The outcome of leishmanial infection of macrophages depends on factors particular to each host-parasite combination, involving not only intrinsic properties of the parasite, but also genetically determined characteristics of thehost cell or of its interactions with immunocompetente cells. Human LTA caused by Leishmania (Viannia) braziliensis has a diversity of clinical forms and thehistopathology of the disease is complex. Evaluating the local and systemic immune responses in patients with different clinical presentations may help in defining the role of cells and cytokines in the course of disease. Differentialexpression of cytokines parallels the variation observed on the nature of cellular inflammatory infiltrate, but large variation in the densities of different cell types is usually found among patients, which probably reflects different stages of thedisease. Several immunological mechanisms may account for the tissuedamaging state observed in these patients. In our previous studies, we have shown that the primate Macaca mulatta appears to have significant advantagesover conventional laboratory animals in terms of modeling the human disease, in particular for studying the interactions between parasite and host determinants for infection, disease (virulence) and cure in L. (V.) braziliensis LTA. The goal ofpresent study was to characterize the histological events with time in L. (V.) braziliensis-infected macaques developing self-healing cutaneous lesions. The pathological findings included a typical cell-mediated immunity-inducedgranulomatous reaction (consisting of an aggregation of epitheloid cells and multiple Langhans-type giant cells, surrounded by lymphocytes and plasma cells)that had an effect on the control of parasite replication. Computer-assisted automatic counting of expressed leukocyte immunophenotypes (such as CD20, CD3, CD4, CD8, CD68 and HLA-DR) revealed consistent variation regardingproportions of these cell types. Of note, however, the frequencies of CD4+ were higher than CD8+ T during the evolution of skin lesions. Overall, these findingspoint to the feasibility of using the L. (V.) braziliensis macaque model for further assessing (under more controlled conditions than are possible in clinical studies) the correlates of local and systemic immune responses and the diseaseevolution.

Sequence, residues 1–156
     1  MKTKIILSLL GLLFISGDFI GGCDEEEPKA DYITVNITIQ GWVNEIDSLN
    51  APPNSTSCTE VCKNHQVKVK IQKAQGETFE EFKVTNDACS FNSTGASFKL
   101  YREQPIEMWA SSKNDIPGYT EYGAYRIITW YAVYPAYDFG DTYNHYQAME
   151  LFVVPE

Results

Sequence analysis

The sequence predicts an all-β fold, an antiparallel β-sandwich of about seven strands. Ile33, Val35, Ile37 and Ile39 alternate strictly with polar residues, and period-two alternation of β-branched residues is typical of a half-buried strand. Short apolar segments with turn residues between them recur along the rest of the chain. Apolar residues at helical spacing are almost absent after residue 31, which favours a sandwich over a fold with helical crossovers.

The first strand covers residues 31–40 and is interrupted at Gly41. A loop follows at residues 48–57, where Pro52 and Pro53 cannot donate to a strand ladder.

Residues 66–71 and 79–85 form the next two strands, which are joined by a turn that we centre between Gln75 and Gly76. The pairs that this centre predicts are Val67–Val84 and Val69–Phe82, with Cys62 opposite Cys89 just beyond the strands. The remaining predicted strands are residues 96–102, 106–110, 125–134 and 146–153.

Advisor:Renato Porrozzi de Almeida; Gabriel Grimaldi Filho
School:Faculdades Oswaldo Cruz
Source Type:Master's Thesis
Keywords:Leishmania braziliensis Macaca mulatta
Date of Publication:03/31/2006